Usually we start turning to our framework after we have decided what we are working on. We call our process Behavioural Diagnosis and Design. It is a five-step process, DDDTS: Define – state the behaviour in a falsifiable way; Diagnose – why is the behaviour not currently taking place; Design – resembles Human Centered Design; Test – evaluating the design. It originated with our cofounders, who were academics in Cambridge, Massachusetts, systematising their work.

Flow diagram showing the steps in DDDTS

You've worked on some really interesting projects such as encouraging water conservation in Costa Rica. Working outside academia, how does Ideas42 embed behavioural science theory and research within their intervention development process?
We have always had a reading list for new hires, which has developed over time. Recently we added a series of behavioural-science papers that we call the “canon”. It aims to represent a broad variety – it covers about 13 topics and for each topic it covers the phenomenon itself, as well as how it looks in a field context. The idea is to help new hires understand more completely the principles that we use. The frameworks that we use are more like structured thinking exercises – they don’t have a lot of behavioural science content in them, we rely on team members to bring their knowledge and use it within those frameworks.

In addressing the climate crisis, what do you see as the role of individual behaviour change in wider systemic change?
The idea that individual action is an individual burden is what people often get caught-up on. Behavioural design surfaced a different way of thinking about individual action: every choice we make is determined from a choice-set given by someone – someone made a choice about what options will be available to us, and I think that the process of designing the choice-sets should be influenced by behavioural design. In so far as it is not, you see issues such as, for example, a policy maker “passing the buck” – they are not improving the choices available (making the sustainable choice easy) they are leaving it for the individual, essentially letting people choose from a set of bad choices. If we maintain our rhetoric of individual change in behavioural design, we risk being misunderstood in what we want to accomplish. It can seem as if we trying to force someone to do something that’s hard and does not have benefits for them, and that’s not the business we should be in.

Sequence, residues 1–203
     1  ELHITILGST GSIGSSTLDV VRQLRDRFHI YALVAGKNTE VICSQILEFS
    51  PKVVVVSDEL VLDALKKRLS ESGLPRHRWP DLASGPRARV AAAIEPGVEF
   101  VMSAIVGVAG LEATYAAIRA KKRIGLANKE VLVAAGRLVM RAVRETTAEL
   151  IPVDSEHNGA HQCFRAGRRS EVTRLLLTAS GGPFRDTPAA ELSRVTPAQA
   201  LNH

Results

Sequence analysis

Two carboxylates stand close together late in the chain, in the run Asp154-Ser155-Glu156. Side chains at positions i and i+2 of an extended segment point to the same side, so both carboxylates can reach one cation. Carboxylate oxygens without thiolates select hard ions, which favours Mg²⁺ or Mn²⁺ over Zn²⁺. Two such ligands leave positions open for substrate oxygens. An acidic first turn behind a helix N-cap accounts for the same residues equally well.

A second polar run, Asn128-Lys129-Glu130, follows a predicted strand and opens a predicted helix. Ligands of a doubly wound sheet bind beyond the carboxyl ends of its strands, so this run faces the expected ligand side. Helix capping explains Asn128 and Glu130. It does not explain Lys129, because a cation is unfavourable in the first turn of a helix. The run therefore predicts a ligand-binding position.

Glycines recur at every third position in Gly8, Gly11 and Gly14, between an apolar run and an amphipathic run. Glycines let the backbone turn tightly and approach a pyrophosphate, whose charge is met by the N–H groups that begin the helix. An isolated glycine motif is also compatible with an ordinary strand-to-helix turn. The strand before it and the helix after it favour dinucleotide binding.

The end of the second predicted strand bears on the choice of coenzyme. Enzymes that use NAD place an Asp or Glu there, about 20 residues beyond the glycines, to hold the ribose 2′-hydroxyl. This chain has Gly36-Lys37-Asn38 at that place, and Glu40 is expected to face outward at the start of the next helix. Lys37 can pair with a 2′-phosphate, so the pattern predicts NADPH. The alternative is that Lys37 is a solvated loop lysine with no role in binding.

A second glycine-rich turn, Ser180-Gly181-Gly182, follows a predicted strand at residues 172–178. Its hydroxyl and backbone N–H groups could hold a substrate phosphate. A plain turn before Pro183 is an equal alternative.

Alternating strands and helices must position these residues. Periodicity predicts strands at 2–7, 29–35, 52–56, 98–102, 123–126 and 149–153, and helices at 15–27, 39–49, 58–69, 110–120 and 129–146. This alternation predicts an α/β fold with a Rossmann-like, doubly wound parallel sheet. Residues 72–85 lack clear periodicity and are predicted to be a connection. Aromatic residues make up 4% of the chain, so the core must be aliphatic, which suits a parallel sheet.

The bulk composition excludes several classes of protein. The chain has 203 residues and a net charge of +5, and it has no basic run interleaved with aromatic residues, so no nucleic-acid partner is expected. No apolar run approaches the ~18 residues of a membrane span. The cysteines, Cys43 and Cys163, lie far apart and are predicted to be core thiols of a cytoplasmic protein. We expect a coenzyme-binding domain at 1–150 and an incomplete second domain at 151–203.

How can members of Environment & Behaviour engage with Ideas42? 
We regularly interact with other groups. We often participate in communication activities with others. A few weeks back I was on a panel with Rare (a conservation oriented behaviour change group in Arlington) and BIT North America. Those kinds of activities as well as writing and talking about the discipline, are ways we regularly engage with others. We guest lecture in classes, even remote lectures. We also host people at Ideas42 to discuss their work and talk to our team. We host those talk mostly with academic affiliates and researchers.